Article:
Aldo Mondino

David Gill, Leighton House

The tacky yet pristine surfaces of Aldo Mondino’s portraits on linoleum lend a squeaky, crisp, culinary look to his images. Less homages to bourgeois domesticity than cunning icons in which the marriage of private and public realms exposes the raw vulnerability of the individual subject, they posess all the humour and savagery of an Isaac Bashevis Singer short story. It is no surprise, then, to find Mondino photographed in front of his spirited painting of a cock fight. Red splashes and pools of viscous oil pigment add a peculiarly corporeal reality to these pictures, subverting the mass-produced mundanity of their support. Their subjects are true to Germano Celant’s prescription for arte povera, they “run over the whole keyboard”—Turks, Jews, Christians, Englishmen and Scotsmen—a sort of inverted anthropological cruise that leaves the viewer breathless and at a loss to understand.

On a more rarefied level, Mondino’s decision to show in one of London’s most unlikely venues for his work succeeds, if for no other reason than that the visual “noise” is so great. Leighton House was the private residence and studio of England’s most successful late-19-century painter, Frederic, Lord Leighton (President of the Royal Academy, 1830-1896) who lived in Caliph-like splendour in his Arab Hall based on the Banquet Hall at the Moorish Palace, La Zisa, in Palermo. Mondino’s irreverent triptych Architteto e L’Imperatore (The architect and the emperor, 1990) not only cocks a snoop at Britain’s imperialist history but also looks askance at the xenophobic imagery of Western post-Modern art.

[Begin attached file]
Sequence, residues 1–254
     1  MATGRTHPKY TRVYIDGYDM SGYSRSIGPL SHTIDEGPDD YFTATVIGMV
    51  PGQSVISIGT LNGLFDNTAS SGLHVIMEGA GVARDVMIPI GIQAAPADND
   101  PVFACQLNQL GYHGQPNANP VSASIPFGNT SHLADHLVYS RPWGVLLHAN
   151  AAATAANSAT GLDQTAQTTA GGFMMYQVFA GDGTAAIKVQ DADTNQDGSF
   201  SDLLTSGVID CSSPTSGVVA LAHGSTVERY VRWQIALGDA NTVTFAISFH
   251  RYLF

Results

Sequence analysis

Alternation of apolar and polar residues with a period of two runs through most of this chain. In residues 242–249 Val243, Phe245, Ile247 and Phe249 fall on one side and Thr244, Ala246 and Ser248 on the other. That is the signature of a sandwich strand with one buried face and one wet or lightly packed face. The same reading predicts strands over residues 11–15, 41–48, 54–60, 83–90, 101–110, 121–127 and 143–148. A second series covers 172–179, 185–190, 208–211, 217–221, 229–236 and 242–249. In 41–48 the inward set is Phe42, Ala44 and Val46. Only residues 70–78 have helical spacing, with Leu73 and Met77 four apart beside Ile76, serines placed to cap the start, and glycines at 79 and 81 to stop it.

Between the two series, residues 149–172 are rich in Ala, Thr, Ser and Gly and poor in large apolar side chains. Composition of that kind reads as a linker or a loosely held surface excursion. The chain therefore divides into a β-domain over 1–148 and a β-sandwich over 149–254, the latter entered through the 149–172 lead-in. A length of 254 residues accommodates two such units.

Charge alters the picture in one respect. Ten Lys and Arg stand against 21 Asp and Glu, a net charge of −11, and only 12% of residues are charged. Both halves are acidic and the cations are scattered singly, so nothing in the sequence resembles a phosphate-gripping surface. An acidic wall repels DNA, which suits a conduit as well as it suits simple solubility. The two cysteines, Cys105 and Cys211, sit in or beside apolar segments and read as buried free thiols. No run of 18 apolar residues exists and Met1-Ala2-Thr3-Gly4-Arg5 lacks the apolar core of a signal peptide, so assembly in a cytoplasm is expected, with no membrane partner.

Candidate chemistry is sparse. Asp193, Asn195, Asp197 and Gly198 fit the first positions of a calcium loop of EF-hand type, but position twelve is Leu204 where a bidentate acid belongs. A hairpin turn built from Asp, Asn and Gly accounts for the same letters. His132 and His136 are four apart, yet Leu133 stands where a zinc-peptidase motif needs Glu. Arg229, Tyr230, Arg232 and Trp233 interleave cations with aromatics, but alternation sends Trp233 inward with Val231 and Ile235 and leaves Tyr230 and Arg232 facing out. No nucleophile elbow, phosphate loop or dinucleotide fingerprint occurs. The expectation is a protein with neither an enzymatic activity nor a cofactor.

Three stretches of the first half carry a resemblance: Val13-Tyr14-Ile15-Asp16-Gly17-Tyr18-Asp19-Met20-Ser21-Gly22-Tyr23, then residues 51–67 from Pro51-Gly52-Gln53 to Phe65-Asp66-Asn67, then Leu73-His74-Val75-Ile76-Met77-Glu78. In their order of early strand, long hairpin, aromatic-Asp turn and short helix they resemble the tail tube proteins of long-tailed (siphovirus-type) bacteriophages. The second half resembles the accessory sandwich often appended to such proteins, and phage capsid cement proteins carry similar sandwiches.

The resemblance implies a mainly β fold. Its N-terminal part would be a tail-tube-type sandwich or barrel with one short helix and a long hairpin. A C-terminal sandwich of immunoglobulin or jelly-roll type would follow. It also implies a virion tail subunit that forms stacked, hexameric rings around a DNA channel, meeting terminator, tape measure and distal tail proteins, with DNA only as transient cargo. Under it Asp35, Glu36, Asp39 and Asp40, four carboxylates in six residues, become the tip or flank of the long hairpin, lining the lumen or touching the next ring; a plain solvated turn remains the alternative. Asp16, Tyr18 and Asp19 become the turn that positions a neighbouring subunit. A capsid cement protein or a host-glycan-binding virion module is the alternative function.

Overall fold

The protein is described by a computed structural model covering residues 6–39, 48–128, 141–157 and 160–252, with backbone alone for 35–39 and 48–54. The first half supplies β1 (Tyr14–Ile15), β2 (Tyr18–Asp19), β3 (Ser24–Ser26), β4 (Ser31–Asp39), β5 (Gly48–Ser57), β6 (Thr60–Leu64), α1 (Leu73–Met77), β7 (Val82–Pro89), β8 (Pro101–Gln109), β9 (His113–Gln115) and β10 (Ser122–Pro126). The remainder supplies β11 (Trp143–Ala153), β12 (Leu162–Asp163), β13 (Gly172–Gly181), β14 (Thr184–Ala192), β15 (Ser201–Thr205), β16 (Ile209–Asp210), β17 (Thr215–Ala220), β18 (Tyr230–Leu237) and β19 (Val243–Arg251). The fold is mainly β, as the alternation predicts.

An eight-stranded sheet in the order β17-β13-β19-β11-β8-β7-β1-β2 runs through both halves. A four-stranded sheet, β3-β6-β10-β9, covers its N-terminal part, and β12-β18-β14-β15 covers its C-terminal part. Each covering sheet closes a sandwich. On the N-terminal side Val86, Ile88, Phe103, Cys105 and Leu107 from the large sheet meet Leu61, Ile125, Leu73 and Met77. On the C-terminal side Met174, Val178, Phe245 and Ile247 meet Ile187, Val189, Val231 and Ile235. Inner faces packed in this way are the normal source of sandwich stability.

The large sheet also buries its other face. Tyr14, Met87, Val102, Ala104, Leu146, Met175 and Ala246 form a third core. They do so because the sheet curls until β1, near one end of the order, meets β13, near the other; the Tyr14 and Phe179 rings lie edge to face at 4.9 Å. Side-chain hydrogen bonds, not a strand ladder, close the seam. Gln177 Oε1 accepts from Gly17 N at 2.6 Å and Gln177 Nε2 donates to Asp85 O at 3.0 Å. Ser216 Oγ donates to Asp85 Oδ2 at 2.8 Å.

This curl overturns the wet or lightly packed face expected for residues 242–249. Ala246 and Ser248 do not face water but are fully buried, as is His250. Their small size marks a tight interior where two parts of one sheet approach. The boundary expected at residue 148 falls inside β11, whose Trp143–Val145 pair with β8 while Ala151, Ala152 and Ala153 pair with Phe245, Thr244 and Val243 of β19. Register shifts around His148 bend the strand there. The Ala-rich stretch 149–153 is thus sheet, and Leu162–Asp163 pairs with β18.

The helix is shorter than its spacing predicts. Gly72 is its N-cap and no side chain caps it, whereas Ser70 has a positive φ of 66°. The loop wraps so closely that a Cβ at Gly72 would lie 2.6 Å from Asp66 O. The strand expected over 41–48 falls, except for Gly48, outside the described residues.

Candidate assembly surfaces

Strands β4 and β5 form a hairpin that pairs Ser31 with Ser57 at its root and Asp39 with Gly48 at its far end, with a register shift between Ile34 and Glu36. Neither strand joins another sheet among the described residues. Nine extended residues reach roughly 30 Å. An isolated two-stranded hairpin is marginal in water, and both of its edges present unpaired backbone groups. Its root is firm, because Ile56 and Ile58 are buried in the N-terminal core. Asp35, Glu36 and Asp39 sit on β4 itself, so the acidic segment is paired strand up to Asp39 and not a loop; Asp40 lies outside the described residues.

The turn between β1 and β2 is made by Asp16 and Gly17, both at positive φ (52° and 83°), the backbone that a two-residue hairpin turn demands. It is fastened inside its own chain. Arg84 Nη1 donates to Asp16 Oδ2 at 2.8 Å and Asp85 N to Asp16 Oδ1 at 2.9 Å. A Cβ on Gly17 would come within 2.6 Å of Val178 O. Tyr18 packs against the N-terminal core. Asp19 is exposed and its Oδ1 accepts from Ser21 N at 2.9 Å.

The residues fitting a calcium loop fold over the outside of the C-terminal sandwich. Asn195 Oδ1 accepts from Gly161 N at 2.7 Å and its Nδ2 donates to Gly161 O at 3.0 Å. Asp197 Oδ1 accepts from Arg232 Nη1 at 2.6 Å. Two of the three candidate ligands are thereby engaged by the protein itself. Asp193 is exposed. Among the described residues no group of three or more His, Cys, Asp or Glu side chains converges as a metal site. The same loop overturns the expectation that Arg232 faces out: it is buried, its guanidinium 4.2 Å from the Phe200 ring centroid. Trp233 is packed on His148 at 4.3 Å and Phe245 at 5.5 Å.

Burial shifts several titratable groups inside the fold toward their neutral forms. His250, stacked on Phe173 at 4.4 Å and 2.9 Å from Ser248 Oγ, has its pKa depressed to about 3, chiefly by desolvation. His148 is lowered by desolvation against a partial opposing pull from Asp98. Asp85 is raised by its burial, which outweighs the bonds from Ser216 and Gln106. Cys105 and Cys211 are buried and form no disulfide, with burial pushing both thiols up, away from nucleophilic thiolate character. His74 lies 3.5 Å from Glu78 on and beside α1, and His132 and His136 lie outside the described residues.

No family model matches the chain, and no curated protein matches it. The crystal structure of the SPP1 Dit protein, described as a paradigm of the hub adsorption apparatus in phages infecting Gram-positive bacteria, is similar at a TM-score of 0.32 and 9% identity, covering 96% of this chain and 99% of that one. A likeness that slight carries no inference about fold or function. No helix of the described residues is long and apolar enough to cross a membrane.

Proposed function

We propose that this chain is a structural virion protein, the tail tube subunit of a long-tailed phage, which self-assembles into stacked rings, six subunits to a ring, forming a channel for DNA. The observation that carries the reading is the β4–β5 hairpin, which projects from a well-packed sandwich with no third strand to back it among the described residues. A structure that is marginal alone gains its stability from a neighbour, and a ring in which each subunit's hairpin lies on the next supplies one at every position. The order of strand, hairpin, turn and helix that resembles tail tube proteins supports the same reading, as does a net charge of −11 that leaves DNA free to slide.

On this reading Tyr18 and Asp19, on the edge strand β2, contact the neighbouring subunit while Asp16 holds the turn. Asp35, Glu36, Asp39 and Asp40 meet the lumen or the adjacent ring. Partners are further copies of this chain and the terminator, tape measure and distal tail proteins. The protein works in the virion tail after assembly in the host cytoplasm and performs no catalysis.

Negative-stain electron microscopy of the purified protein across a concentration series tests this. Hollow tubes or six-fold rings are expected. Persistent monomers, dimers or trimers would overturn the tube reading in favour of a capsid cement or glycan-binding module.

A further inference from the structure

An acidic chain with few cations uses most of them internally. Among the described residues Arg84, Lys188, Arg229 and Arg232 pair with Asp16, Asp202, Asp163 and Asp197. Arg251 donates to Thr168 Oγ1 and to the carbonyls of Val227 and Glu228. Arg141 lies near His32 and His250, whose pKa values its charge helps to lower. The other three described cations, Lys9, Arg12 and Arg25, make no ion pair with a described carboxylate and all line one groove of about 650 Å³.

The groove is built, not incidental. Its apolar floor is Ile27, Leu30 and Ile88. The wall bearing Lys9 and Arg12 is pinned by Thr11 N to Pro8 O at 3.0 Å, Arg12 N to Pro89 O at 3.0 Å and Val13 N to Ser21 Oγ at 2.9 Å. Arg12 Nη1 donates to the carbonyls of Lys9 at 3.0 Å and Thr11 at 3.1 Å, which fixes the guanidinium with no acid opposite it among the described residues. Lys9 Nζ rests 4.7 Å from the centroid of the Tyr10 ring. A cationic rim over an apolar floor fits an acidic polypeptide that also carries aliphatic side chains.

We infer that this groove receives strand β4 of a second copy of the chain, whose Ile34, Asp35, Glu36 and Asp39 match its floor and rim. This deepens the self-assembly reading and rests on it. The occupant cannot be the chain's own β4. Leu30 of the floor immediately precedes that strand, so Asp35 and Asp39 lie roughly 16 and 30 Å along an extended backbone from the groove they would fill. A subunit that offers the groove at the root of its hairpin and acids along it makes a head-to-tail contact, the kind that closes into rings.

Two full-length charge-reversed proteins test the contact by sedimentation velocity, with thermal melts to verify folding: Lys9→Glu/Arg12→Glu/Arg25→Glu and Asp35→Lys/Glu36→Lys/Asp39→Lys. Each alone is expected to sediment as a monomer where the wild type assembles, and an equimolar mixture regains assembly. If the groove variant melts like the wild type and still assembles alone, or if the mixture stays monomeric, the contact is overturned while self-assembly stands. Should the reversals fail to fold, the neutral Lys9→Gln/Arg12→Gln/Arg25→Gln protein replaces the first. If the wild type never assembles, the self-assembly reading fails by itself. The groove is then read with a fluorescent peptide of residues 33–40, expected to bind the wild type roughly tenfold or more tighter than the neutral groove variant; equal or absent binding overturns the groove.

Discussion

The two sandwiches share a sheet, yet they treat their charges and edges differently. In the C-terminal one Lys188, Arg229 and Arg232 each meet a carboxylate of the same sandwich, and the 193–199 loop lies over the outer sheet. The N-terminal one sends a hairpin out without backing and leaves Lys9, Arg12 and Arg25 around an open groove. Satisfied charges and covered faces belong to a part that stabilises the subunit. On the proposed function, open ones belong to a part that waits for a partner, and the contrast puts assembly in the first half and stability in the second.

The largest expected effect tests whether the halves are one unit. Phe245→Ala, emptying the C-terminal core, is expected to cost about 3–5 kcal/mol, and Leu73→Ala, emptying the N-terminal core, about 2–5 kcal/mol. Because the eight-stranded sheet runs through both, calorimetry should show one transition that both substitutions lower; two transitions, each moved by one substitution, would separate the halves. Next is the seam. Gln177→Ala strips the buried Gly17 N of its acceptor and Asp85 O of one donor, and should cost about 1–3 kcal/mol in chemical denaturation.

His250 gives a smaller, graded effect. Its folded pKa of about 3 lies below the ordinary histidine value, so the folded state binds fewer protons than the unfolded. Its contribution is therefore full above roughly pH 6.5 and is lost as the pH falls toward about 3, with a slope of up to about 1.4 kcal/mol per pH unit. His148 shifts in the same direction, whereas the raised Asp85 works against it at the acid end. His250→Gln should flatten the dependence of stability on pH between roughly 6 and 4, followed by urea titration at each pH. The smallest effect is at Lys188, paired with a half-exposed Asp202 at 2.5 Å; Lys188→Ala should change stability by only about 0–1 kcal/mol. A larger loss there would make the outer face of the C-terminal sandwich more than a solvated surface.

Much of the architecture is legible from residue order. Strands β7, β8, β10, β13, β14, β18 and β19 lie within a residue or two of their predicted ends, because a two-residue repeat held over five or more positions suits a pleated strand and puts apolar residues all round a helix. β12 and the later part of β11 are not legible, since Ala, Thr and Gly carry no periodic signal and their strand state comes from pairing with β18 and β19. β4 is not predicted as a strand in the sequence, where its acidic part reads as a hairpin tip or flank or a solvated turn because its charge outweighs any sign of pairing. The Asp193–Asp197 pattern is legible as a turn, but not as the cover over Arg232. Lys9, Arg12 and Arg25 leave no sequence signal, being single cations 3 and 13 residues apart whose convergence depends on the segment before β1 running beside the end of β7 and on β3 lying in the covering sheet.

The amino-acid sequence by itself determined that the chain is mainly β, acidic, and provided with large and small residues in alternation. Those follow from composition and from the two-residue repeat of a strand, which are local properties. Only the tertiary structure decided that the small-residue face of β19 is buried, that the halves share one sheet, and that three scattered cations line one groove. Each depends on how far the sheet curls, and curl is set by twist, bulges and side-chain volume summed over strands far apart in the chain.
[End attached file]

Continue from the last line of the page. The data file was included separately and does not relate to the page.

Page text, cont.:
At the same time, there is a self-deprecating mood to Mondino’s word and image play, especially in Darwings, 1990, where Darwin, a biblical patriarch, is framed by a series of ape to humanoid portrait drawings that get progressively more “modern” as they recede in time. The idea of progress in art, or anything else, is nicely pilloried in the show’s iconic work, Biron, 1990, a lavish and inept pastiche of Thomas Phillips’ swashbuckling 1813 portrait of Lord Byron, turbanned, moustached, his long black locks set-off by oriental plumes—the picture of the artist as Brother at Arms. Only Mondino frames his version with nasty plastic black and green biros. Byron—mad, arrogant, and died for nothing. The sheer degradation of cultural difference is playfully displayed by Mecca Mokka, 1990, a coffee-bean carpet laid out on the floor in nice color grades of unroasted, medium, and dark beans.

The legacy of arte povera is becoming ever clearer, in that it presaged the most significant and innovative strategies of the last two decades. Mondino gave the London art world a taste of its roots and a breath of an “art of the mountain top” in his attempt to destroy the myth which, as Celant put it, “continues to create superthings, while reality and life call not for superthings, but for obvious, commonplace and nameless things.” Mondino succeeds in putting these together in ingeneous and inept ways which make the idea worth thinking about and the thing worth looking at.

Marjorie Althorpe-Guyton